I can’t really remember when I first noticed mooncakes, but it must have been quite soon after I arrived in Shanghai because these things have been on my mind (and in my face) for weeks now. The most intriguing were probably the ones I saw at Starbucks, just because they are beautifully coloured and all I wanted to do was photograph and then taste them.
Once I saw how expensive they were that idea quickly faded into the back of my mind but I still wanted to know more about these mysterious little pastries.
Anyone not living under a rock in Shanghai may have noticed loads of beautifully moulded pastries in many international chains, independent bakeries, larger supermarkets and convenience stores over the last couple of months. This might have sparked an interest in these mysterious little bundles of cake. What are they? What’s inside of them? What do they taste like? What are they made of?
Mooncakes, or yuè bĭng (月餅), are eaten around the Mid-Autumn Festival in China, a week-long national holiday that usually takes place in October. They’re often given as gifts to family, friends or business associates around this time. They’re small baked cakes with a thin pastry shell, traditionally hand-crafted and filled with a very dense red bean or lotus seed paste and imprinted with various symbols.
Legend has it that mooncakes were used during the Ming Revolution to smuggle messages used to overthrow the Mongolians who were ruling China at the end of the Yuan dynasty. Rumours were started about a devastating plague that was spreading across the land and the only way to cure it was by eating mooncakes.
As terror spread so did the popularity of these small round pastries, which were said to have healing properties when, in fact, they contained hidden messages orchestrating the Han Chinese revolt on the 15th day of the 8th lunar month.
Hundreds of years later, chains such as Starbucks and Haagen Dazs have somewhat commercialised the ancient concept by launching their own ranges, which are quite different by comparison. Flavours such as ‘Osmanthus Cranberry,’ ‘Hazelnut Latte,’ ‘Caramel Macchiato’ and ‘Lychee and Raspberry’ are a far cry from traditional flavours like date, lotus seed, or seed and nut paste.
Haagen Dazs went one step further and replaced their filling with ice cream, covering them in chocolate instead of pastry. There are even mochi-covered mooncakes or chocolate mooncakes, which are usually frowned upon by purists. These deviations are also said to have pushed the price of mooncakes up over the last few years, with talks of a ‘mooncake bubble’ has developed in China.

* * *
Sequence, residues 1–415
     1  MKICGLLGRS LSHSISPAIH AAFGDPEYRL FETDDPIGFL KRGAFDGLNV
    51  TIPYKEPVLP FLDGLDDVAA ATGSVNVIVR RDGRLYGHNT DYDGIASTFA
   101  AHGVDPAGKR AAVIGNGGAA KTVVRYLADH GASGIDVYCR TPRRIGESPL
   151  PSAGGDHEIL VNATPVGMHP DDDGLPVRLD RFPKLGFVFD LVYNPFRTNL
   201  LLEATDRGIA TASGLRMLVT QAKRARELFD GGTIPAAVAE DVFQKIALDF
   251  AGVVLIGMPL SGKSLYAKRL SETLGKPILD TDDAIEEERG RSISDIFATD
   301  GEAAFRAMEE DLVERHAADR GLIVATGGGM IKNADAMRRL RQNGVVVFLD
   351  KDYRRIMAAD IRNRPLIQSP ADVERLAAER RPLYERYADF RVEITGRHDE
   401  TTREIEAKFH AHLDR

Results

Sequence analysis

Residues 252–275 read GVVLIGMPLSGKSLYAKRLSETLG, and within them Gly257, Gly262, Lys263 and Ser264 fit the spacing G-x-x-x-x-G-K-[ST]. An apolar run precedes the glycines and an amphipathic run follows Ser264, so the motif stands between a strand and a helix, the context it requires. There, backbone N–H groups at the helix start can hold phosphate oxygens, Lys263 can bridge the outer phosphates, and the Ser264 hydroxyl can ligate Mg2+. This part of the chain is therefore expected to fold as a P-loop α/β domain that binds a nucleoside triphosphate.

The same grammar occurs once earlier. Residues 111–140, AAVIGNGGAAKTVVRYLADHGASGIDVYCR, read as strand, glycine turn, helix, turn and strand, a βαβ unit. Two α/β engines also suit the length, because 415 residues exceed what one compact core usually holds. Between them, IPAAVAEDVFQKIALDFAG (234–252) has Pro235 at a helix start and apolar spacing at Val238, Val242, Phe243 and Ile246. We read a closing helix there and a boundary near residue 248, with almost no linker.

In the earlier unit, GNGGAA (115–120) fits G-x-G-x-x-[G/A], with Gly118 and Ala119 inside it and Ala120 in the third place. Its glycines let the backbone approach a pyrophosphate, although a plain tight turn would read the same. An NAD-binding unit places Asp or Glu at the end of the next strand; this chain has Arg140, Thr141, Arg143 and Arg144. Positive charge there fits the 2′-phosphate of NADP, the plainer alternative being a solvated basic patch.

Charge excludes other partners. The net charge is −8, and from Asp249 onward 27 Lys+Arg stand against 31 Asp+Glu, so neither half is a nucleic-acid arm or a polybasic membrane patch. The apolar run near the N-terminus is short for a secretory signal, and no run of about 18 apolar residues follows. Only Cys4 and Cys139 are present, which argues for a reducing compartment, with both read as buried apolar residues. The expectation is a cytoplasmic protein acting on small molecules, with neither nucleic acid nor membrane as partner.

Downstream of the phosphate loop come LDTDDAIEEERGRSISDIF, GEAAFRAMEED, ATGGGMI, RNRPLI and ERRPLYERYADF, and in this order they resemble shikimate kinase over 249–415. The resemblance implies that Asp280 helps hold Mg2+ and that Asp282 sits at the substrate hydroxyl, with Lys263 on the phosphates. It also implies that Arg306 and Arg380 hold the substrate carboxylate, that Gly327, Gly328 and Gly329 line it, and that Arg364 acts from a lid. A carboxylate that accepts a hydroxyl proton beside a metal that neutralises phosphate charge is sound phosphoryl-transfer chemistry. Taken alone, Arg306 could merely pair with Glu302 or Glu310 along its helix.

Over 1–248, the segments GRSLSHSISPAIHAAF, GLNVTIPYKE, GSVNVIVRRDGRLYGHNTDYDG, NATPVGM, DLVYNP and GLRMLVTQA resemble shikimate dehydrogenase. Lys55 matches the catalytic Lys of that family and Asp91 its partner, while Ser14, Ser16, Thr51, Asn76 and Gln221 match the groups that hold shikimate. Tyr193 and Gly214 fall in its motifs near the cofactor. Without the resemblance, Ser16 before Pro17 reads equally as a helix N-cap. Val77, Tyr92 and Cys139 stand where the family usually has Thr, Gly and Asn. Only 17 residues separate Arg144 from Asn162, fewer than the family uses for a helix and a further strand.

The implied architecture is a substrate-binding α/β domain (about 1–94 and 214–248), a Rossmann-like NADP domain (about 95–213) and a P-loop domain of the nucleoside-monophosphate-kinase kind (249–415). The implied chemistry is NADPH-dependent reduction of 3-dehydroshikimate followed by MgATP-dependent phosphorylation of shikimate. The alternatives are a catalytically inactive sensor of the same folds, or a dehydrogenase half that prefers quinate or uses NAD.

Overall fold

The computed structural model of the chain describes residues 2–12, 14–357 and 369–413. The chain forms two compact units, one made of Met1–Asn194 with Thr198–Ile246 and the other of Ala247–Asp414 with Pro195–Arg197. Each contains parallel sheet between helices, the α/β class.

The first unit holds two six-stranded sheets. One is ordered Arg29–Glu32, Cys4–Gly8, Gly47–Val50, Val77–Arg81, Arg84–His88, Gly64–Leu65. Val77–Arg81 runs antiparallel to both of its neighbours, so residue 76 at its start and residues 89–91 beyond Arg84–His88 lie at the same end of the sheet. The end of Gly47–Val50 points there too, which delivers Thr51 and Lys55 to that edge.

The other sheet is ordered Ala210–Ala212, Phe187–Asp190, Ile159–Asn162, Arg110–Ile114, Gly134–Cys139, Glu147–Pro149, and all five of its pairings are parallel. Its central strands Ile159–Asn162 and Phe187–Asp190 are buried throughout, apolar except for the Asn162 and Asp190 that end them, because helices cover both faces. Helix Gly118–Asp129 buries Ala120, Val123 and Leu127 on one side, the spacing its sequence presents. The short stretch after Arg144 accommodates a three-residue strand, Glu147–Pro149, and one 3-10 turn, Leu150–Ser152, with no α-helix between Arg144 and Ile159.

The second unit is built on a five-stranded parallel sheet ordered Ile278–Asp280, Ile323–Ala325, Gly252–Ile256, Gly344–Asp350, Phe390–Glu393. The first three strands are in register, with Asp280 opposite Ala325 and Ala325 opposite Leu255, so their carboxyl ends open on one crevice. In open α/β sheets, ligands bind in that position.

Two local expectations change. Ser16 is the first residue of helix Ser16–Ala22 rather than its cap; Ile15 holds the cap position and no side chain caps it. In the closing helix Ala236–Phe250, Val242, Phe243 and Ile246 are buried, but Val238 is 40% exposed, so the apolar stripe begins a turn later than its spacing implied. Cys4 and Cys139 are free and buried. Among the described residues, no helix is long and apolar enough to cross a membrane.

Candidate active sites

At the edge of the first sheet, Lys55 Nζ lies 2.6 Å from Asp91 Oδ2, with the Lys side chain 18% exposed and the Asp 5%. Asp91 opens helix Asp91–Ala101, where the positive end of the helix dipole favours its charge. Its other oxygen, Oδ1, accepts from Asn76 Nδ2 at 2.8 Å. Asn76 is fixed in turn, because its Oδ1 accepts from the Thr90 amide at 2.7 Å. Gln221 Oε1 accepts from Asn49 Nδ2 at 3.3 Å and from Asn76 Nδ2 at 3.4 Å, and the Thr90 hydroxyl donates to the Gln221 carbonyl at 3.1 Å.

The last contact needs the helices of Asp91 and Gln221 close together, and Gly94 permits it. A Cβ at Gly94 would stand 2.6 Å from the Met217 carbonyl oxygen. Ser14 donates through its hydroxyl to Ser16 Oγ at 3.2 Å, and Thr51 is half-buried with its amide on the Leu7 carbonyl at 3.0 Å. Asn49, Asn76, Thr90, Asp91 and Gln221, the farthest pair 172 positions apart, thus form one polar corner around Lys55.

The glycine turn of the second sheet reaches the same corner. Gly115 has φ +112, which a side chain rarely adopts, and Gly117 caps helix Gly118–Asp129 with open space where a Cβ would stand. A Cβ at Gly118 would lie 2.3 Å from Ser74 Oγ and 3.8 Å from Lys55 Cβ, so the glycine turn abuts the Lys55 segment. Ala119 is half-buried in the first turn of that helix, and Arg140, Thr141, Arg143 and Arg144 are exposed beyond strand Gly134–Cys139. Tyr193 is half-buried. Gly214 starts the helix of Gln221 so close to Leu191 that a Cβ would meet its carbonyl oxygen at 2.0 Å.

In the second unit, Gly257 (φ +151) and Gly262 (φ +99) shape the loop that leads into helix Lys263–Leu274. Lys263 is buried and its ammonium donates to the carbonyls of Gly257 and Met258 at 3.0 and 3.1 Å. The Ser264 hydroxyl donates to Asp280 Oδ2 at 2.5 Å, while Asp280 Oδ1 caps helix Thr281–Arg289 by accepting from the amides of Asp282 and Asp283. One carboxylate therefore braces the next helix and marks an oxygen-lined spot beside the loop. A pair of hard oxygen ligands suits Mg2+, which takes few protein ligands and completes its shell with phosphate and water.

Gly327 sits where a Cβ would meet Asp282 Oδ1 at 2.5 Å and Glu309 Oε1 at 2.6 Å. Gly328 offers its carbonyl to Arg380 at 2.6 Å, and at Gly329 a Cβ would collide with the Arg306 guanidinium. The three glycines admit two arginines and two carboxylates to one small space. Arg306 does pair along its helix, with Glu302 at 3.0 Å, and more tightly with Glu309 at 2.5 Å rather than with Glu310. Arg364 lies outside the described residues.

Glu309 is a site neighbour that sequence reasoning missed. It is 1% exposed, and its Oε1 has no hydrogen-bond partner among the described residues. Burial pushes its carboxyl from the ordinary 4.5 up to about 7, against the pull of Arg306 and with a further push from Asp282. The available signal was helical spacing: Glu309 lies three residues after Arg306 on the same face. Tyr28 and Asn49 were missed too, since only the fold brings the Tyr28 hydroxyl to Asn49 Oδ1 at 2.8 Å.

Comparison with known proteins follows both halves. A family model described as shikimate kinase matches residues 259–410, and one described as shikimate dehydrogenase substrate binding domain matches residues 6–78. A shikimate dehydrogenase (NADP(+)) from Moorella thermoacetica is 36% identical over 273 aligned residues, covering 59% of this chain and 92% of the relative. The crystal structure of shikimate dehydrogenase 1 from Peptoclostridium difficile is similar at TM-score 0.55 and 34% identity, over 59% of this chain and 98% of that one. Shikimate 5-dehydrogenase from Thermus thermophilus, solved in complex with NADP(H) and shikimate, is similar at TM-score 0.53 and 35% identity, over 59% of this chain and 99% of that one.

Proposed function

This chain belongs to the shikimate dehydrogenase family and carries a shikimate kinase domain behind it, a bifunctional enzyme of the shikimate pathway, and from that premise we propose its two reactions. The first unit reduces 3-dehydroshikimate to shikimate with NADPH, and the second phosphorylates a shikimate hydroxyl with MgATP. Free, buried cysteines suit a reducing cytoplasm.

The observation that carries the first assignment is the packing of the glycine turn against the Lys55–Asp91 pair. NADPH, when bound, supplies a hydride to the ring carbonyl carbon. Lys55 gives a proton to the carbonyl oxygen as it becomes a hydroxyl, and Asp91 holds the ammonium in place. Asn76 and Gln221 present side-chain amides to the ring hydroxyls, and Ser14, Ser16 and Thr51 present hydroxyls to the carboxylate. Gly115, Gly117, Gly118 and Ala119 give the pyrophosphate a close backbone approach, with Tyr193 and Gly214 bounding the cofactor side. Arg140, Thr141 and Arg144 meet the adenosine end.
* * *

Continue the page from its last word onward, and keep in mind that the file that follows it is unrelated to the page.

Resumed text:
Here are some guidelines with regards to the more traditional fillings:
Those new to mooncakes will probably want to give this one a try first as it could be considered a ‘safer’ option in terms of flavour familiarity. It’s very sweet and incredibly rich, as one would expect from a custard, although the filling itself isn’t as creamy.
Lotus Seed Paste with Egg Yolk
Apparently the most traditional of fillings, lotus seed paste is also the most expensive. It is also often paired with a salty egg yolk centre which symbolised the moon. It’s an acquired taste, quite savoury and salty.
Fragrant Ham with Five Kernels
An interesting combination of flavours, including candied ham and a combination of five coarsely chopped nuts and seeds (anything from almonds, watermelon seeds, peanuts, walnuts, sesame seeds, pumpkin seeds, etc.) The texture is chewy but crunchy and probably not a favourite of most mooncake rookies.
Red Bean Paste
Used in many Chinese desserts, red bean paste is made from Azuki beans. A gorgeous colour, it’s a very thick filling that tastes somewhat like sweet potato.
Another ‘safe’ option, the flavour and texture of this mooncake is exactly what it says it is. If you like coconut, you’ll probably really enjoy this variant.
Mooncakes are incredibly dense and very rich, which explains why they’re usually cut into 4 parts and shared between family and friends. Another explanation for this dates back to the legend of the hidden messages, as it’s said that the symbols which were imprinted on the top of them were also hidden codes, only decipherable by cutting them into fours and using the pieces to decode a secret puzzle.
If you’re living in China, or have Chinese friends, definitely give them a try and decide for yourself which flavours you like the most and which ones you’re likely to avoid in the future. They make lovely gifts and are a very important part of the Mid-Autumn Festival, one of the four most important festivals in China.
I’d like to state for the record that I’m not a fan of mooncakes, especially the Lotus Seed Paste variety (which strangely enough seems to be a favourite amongst mooncake eaters). I am wondering how much stock is going to be left after the festival this weekend (ahem, Starbucks & Haagen Dazs) so I’ll be on the lookout for the mooncake sale if there is such a thing.
We’re talking about R500+ for 6 small cakes. I make mention of a “mooncake bubble” in my story, the struggle is real. Definitely going to make my own next year, although I’d like to enjoy eating them so I’m going to try to find a good DIY recipe somewhere, preferably lotus seed and durian paste-free.